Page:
Sofia Perovskaya, Terrorist Princess: The Plot to Kill Tsar Alexander II and the Woman Who Led It
Sofia Perovskaya may be an obscure historical figure for most people, but she is an important part of early Russian history and has an important historical value for researchers. This book by Robert Riggs opens up an interesting chapter and personality for those interested in terrorism, its causes, and those that do it. There are psychological aspects to terrorists that many have in common, and knowing more about who they are, where they come from and how they act can help in counteracting new terrorists from forming.
Sofia Perovskaya was a Russian aristocrat, related to Elizabeth of Russia (Empress from 1741-1762) via marriage. Literate, well-read and educated, she became part of the burgeoning anarchist movement during the same period as the American Civil War. She was active in many conspiracies against the Russian Emperor Alexander II and his government, being arrested several times and eventually sentenced to prison, from which she escaped. After multiple attempts on Alexander II’s life, Sofia and her group were eventually successful, assassinating him in Saint Petersburg on March 1, 1881. Sofia was eventually captured and sentenced to death for her part in the assassination and was the first woman in Russia sentenced to death for terrorism.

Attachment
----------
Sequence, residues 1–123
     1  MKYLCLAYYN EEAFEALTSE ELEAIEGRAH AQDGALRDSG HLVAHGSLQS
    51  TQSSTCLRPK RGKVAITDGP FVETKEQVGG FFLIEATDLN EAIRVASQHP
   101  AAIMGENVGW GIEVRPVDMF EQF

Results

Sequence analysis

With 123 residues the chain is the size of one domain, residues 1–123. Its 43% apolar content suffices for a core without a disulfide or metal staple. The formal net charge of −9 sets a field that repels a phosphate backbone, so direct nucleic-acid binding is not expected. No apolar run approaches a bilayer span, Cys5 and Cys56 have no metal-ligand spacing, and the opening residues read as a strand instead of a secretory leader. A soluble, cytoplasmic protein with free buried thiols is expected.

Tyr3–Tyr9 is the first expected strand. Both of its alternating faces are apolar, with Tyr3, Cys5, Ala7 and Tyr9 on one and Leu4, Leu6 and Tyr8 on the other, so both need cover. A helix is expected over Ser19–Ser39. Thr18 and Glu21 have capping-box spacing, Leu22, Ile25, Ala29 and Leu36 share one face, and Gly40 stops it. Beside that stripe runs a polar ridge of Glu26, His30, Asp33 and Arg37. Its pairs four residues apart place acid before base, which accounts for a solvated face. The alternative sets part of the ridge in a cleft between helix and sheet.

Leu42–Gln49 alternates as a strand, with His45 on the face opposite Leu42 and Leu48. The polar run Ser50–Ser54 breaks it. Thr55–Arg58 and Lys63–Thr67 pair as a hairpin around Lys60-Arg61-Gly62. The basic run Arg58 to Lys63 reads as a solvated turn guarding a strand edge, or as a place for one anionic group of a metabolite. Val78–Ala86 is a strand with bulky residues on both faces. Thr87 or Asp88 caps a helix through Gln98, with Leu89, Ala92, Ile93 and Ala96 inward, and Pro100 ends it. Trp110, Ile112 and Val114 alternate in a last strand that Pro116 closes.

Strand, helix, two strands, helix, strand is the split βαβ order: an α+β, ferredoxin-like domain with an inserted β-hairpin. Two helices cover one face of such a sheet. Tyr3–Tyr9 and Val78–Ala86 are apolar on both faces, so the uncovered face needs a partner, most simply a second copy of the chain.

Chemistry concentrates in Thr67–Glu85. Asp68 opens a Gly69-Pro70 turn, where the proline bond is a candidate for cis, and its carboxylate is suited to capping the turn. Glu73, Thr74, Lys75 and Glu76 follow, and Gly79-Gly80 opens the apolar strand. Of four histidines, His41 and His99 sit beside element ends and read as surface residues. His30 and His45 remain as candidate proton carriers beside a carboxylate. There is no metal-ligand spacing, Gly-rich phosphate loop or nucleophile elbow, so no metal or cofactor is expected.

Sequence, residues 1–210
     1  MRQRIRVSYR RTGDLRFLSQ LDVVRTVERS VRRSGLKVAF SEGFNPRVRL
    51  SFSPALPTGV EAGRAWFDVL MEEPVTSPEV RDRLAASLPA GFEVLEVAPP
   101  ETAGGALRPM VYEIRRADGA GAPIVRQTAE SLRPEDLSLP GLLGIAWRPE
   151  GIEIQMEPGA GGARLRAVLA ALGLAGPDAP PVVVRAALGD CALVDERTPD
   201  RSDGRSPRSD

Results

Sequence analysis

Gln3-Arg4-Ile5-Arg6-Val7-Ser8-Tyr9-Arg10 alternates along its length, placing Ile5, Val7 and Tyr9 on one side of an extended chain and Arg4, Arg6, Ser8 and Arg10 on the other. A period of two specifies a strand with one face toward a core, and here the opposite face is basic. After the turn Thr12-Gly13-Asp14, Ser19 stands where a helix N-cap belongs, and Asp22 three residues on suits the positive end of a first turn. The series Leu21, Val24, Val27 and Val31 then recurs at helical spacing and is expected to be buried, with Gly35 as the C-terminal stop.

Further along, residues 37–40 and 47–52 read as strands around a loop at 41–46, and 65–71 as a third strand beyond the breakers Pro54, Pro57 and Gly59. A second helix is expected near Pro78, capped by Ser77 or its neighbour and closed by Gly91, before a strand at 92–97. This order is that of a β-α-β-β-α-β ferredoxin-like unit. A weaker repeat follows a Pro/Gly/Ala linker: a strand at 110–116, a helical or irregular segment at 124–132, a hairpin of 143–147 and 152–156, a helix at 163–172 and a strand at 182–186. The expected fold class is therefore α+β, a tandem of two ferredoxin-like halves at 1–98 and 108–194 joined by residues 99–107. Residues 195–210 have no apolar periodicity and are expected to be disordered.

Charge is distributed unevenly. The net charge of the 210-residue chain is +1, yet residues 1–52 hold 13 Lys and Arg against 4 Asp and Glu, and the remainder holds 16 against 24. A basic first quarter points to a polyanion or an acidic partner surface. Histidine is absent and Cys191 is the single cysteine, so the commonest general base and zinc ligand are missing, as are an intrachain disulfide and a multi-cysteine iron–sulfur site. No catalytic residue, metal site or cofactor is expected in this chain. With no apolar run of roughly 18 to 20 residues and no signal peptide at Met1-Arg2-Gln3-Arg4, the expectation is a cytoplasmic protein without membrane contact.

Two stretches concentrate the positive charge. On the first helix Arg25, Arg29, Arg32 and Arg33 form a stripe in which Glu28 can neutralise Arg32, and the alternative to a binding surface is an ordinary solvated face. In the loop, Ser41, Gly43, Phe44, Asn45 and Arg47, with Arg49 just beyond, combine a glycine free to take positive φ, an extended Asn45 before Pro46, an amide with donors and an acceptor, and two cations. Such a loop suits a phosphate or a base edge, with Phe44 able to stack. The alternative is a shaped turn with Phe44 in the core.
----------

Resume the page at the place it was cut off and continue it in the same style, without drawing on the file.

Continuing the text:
Robert Riggs is writing a series of books on terrorists and terrorism, looking for linking characteristics and his beginning with Sofia Perovskaya is an interesting one. She isn’t a well-known or even a “key” figure in world history, but she serves as a good template for both the evolution of modern terrorism and the personality and personal traits Riggs has found in other terrorists.
Riggs says about Sofia:
“Sofia Perovskaya is a fascinating case study. She came from a privileged family with royal connections. She was not victimized by poverty, class or social stigma. She was known for being kind to the sick and devoted to her mother. We have much to learn from examining her peculiar turn of personality, one that takes over people who are generally intelligent, ascetic, creative, and motivated, and makes them killers who thirst for martyrdom.”
The parallels between Sofia and Osama bin Laden are striking. Both upper class, educated, and with plenty of opportunities. Both turned to violence to achieve their aims and created armies of followers to do the actual terrorism. Much like profiling serial killers, one can also profile terrorists. And Riggs’s series of books about them is off to a great start with Sofia Perovskaya and the period of time that produced and nurtured her. Recommended for students of violence and terrorism, world history, and cultural change.
|Global Harmony Press
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